Creative Time’s artistic director Nato Thompson has organized a slew of powerful, socially-engaged public artworks—like Pedro Reyes’s sold-out haunted house, Doomocracy, which conflated Halloween and the U.S. presidential election; Duke Riley’s Fly By Night, a nightly performance of choreographed flocks of pigeons flying above the Brooklyn Navy Yard; and Kara Walker’s A Subtlety, a massive sugar-coated sphinx-like figure made inside Brooklyn’s legendary Domino Sugar Factory.
When Thompson isn’t busy bringing ambitious public art projects to fruition, he somehow finds the time to write. In January, Thompson released a book called Culture As Weapon: The Art of Influence in Everyday Life, following the publication of yet another book about art and politics: Seeing Power: Art and Activism in the Twenty-first Century.
The punk, irreverent, and extremely important performance collective ASCO embody so much of what is good about Los Angeles in the ‘70s. Embracing sub-culture, boldly tackling political issues, and toying with gender, sexuality, and race, their infectious, playful, and biting interventions are legendary and historically critical. Here they sit dining as though at the Mad Hatter Tea Party in the midst of a Los Angeles in the throws of social upheaval.
A Juala is a cage, a prison, a space of capture. Here Mendez again utilizes found material objects (bone, an animal cage, a found statue) to infuse them in his growing mythology of juxtapositions and infused social meanings. Mendez works with found objects loaded with meaning, like a Joseph Beuys-gleaner to produce hypnotic sculptures.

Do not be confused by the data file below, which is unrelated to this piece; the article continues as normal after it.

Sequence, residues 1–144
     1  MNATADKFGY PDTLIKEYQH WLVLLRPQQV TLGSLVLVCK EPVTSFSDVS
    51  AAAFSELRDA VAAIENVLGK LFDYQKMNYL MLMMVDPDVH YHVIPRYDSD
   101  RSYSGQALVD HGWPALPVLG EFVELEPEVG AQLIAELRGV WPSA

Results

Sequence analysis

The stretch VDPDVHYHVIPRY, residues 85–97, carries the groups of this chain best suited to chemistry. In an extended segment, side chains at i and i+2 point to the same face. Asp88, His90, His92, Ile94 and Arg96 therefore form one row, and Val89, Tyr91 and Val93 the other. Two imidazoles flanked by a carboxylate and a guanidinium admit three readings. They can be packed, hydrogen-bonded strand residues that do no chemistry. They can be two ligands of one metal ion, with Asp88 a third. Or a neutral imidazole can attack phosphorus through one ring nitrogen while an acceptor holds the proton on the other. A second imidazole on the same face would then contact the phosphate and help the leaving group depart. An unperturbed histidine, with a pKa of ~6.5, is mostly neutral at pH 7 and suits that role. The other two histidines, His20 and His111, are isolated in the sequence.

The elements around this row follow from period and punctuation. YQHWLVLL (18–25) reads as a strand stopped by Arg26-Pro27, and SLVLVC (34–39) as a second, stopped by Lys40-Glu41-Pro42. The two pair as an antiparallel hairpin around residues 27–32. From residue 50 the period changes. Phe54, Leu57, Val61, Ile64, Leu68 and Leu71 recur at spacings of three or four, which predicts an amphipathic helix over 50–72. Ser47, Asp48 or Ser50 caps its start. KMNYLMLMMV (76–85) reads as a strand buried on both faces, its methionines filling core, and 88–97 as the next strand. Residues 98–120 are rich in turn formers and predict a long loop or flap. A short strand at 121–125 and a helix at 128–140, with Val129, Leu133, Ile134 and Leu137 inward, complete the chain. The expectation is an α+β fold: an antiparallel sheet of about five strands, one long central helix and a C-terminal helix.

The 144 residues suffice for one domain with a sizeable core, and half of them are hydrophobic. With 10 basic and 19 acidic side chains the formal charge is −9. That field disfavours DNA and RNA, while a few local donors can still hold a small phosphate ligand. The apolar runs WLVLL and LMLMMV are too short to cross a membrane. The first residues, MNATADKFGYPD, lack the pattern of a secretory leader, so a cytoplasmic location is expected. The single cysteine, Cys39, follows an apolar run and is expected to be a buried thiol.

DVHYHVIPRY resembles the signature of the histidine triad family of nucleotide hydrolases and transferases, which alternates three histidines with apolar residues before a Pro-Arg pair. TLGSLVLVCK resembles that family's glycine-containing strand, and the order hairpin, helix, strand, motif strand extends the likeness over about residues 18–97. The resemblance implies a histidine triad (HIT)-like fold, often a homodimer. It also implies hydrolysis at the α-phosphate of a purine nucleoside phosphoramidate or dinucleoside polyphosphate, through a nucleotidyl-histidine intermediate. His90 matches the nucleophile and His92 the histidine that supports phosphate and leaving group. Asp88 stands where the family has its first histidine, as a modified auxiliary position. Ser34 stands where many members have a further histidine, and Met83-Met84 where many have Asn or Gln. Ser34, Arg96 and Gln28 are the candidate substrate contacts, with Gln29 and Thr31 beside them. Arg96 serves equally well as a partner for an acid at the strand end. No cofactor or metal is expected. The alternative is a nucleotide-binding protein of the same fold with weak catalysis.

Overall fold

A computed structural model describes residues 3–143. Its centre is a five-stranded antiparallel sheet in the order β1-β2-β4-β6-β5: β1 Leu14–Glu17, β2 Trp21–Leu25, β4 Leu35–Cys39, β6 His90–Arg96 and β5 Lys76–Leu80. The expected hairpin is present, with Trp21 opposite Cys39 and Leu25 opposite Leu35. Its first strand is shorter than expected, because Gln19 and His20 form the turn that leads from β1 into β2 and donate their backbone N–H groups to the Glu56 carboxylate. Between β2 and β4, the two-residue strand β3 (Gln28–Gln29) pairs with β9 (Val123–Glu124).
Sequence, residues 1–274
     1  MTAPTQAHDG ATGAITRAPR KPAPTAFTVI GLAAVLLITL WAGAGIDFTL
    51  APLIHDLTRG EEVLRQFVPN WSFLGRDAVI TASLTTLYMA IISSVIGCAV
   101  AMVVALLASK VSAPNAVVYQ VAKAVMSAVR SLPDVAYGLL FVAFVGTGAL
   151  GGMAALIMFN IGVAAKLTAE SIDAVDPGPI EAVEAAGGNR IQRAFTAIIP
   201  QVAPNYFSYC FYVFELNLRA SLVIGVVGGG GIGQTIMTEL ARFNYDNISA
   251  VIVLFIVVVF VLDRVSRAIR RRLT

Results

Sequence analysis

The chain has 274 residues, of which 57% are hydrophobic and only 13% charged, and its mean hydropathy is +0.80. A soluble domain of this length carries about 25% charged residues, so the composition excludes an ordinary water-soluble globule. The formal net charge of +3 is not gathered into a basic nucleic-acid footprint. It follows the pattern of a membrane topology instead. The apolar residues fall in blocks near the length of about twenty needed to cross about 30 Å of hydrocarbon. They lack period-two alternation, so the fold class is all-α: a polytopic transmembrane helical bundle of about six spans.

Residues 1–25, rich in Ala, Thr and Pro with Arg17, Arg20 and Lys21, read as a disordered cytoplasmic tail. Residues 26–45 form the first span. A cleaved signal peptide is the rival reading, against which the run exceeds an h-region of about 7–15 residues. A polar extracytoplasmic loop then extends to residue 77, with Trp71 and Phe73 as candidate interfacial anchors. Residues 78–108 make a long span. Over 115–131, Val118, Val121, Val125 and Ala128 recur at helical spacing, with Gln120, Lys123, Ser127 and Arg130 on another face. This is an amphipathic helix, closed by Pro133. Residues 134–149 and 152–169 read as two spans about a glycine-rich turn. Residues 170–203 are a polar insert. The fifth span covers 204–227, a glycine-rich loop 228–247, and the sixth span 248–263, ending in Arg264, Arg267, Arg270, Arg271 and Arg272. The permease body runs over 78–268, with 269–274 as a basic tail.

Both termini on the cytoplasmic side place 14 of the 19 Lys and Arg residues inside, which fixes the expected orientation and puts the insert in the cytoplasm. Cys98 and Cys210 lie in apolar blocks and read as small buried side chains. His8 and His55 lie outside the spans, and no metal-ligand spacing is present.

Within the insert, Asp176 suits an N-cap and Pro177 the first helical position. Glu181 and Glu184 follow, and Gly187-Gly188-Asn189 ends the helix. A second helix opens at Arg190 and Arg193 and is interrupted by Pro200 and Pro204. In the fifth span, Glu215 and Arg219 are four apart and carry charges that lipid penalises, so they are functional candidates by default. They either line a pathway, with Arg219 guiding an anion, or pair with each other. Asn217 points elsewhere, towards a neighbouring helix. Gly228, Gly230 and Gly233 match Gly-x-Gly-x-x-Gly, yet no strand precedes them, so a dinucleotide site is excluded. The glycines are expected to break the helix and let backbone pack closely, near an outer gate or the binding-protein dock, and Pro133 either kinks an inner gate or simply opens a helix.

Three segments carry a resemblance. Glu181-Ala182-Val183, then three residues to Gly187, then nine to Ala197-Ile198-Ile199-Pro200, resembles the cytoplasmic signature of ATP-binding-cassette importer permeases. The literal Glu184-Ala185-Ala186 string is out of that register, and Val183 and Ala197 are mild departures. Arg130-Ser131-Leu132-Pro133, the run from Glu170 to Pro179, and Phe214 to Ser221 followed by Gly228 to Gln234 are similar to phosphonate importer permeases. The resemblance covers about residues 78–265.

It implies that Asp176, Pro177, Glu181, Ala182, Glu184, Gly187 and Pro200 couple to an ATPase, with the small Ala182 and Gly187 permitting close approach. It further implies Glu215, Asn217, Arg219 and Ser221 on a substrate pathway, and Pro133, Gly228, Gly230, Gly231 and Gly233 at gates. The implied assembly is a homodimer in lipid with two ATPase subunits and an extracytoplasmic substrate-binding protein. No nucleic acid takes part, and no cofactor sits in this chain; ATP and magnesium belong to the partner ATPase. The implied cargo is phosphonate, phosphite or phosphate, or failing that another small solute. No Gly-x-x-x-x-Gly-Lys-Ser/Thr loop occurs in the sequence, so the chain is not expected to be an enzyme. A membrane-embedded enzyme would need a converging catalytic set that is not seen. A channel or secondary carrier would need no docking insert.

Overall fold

“Simply put, he lived to create.” So said Alan Vega’s family upon his death in 2016. The co-creator of the proto-punk band Suicide, Vega is legend not for just his musical contributions but his all-out energetic, emphatic, and exploratory approach to this life. His shows were legendary and ecstatic and so too are his rich, provocative artworks.
Never heard of Kevin Zucker before. My Google search shows that he has been showing for some time but glad to see this work. Just saw this chocolate sauce sky with an egg-dipped sun in it. Reminded me of these Polaroid’s that Tarkovsky took that certainly set the stage for his psychedelic ventures into the outer space that is in our hearts.
The phrase ‘Everybody’s Work is Equally Important’ came from a Levi’s jeans advertising campaign that swept through the hometown of Latoya Ruby Frazier: Braddock, Pennsylvania. In reaction, Frazier mimed the labor done in the factories in front of the Levi’s pop up store in 2010. Personal, political and always embodied, Frazier’s work captures a particular moment in culture where the image of work moves against the grain of those who actually do it.
Humeau has said that much of her work is invested in “luminous horror.” A sort of tilt of the hat toward the excessive bright and shiny future that much of the tech world displays, she mines the underbelly of science in encyclopedic voracity for a more complex relationship to humanity’s delicate position. Her works are beautiful, operatic, extensively researched, and yet haunted.